Sealed versus Ported Enclosures

Car Audio enclosures come in a variety of designs each with their advantages and disadvantages. Depending on your goals, the type of enclosure should be based on the desired applications.

***PLEASE NOTE*** All information on this site is for entertainment processes.  Any guidelines, tips or recommendations are considered general knowledge and we strongly encourage you to consult with a professional before installing, adjusting, or altering a car audio system.

Sealed Enclosures

The loudspeaker driver’s moving mass and compliance (slackness or reciprocal stiffness of the suspension) determines the driver’s resonant frequency (Fs). In combination with the damping properties of the system (both mechanical and electrical) all these factors affect the low-frequency response of sealed-box systems. Output falls below the system’s resonant frequency (Fc), defined as the frequency of peak impedance.

In a closed-box, the air inside the box acts as a spring, returning the cone to the ‘zero’ position in the absence of a signal. A significant increase in the effective volume of a sealed-box loudspeaker can be achieved by a filling of fibrous material, typically fiberglass, bonded acetate fiber (BAF) or long-fiber wool. The effective volume increase can be as much as 40% and is due primarily to a reduction in the speed of sound propagation through the filler material as compared to air. The enclosure or driver must have a small leak so internal and external pressures can equalise over time, to compensate for barometric pressure or altitude; the porous nature of paper cones, or an imperfectly sealed enclosure, is normally sufficient to provide this slow pressure equalisation.

Ported/Vented Enclosures

Also known as vented (or ported) systems, these enclosures have a vent or hole cut into the cabinet and a port tube affixed to the hole, to improve low-frequency output, increase efficiency, or reduce the size of an enclosure. Bass reflex designs are used in home stereo speakers (including both low- to mid-priced speaker cabinets and expensive hi-fi cabinets), bass amplifier speaker cabinets, keyboard amplifier cabinets, subwoofer cabinets and PA system speaker cabinets. Vented or ported cabinets use cabinet openings or transform and transmit low-frequency energy from the rear of the speaker to the listener. They deliberately and successfully exploit Helmholtz resonance. As with sealed enclosures, they may be empty, lined, filled or (rarely) stuffed with damping materials. Port tuning frequency is a function of cross-section and length. This enclosure type is very common, and provides more sound pressure level near the tuning frequency than a sealed enclosure of the same volume, though it actually has less low frequency extension since the “rolloff” is steeper (24db/oct vs. 12db/oct for a sealed enclosure). Malcolm Hill pioneered the use of these designs in a live event context in the early 1970s.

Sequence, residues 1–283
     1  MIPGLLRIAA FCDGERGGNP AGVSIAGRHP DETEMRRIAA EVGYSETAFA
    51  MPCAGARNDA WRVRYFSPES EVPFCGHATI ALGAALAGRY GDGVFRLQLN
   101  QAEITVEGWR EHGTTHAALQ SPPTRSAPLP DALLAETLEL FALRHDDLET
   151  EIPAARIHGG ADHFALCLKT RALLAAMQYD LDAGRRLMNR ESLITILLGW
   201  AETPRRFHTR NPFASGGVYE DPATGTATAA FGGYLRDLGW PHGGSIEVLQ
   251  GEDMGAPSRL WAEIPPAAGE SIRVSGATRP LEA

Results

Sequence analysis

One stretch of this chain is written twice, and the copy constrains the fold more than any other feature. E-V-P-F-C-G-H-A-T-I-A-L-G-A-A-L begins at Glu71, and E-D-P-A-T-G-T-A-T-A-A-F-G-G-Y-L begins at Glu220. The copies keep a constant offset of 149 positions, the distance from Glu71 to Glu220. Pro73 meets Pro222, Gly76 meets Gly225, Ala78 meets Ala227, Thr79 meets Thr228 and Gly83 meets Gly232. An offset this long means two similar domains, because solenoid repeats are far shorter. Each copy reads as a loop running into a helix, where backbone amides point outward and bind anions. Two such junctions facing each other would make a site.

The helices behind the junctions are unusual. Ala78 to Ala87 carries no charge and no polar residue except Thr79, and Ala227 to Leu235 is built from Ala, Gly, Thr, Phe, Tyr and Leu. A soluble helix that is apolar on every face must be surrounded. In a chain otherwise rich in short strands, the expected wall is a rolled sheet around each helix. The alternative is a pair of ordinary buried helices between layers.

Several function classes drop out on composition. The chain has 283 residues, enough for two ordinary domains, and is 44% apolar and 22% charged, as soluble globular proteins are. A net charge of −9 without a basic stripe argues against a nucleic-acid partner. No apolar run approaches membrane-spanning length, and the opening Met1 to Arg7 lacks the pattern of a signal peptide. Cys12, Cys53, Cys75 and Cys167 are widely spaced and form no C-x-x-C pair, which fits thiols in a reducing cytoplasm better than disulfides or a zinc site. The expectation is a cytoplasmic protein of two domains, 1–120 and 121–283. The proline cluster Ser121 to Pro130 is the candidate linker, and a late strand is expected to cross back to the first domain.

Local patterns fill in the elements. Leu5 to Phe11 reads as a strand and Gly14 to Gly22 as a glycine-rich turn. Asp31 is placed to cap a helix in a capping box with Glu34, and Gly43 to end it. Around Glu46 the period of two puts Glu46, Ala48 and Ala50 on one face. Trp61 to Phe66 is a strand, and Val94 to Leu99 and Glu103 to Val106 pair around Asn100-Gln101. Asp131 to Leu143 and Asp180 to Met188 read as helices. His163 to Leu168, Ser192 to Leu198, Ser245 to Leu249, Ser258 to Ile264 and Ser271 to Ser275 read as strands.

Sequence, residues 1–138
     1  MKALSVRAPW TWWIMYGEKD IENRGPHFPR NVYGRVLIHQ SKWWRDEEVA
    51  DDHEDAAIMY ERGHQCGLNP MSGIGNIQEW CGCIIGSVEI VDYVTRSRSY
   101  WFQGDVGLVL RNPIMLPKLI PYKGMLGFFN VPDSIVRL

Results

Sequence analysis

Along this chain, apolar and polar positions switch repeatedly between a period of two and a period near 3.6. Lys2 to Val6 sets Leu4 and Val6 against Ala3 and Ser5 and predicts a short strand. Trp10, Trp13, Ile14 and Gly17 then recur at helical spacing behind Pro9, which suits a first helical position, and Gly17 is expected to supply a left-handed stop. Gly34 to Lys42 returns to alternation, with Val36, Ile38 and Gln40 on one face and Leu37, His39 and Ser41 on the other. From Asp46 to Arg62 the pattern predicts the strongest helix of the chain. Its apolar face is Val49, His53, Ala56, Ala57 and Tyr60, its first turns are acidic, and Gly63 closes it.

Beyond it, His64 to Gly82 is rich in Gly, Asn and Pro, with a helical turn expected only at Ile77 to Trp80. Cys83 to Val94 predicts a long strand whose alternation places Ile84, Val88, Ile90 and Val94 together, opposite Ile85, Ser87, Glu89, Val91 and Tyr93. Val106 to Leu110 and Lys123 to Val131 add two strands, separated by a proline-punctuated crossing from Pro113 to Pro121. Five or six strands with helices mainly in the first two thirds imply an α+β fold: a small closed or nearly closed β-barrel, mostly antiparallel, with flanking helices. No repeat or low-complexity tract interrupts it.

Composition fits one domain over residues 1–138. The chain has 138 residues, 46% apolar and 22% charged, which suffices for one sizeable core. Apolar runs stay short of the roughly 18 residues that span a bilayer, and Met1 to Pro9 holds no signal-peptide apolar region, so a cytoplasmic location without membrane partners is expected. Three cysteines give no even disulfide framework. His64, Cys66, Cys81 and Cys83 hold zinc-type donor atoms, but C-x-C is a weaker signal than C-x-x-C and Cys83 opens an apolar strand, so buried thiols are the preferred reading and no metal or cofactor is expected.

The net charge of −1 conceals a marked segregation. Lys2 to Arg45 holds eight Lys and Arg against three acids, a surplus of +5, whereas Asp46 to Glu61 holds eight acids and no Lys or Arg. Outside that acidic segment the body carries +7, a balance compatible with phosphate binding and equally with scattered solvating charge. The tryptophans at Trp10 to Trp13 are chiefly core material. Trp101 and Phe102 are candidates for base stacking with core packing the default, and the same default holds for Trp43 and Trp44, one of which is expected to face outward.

Vented system design using computer modeling has been practiced since about 1985, when researchers Thiele and Small first systematically applied electrical filter theory to the acoustic behavior of loudspeakers in enclosures. While ported loudspeakers had been produced for many years before computer modeling, achieving optimum performance was challenging, as it is a complex sum of the properties of the specific driver, the enclosure and port, because of imperfect understanding of the assorted interactions. These enclosures are sensitive to small variations in driver characteristics and require special quality control concern for uniform performance across a production run. Bass ports are widely used in subwoofers for PA systems and sound reinforcement systems, in bass amp speaker cabinets and in keyboard amp speaker cabinets.

This article includes material from “Loudspeaker enclosure.” Wikipedia.  Licensed under Attribution-ShareAlike 3.0 United States (CC BY-SA 3.0 US) Authors:

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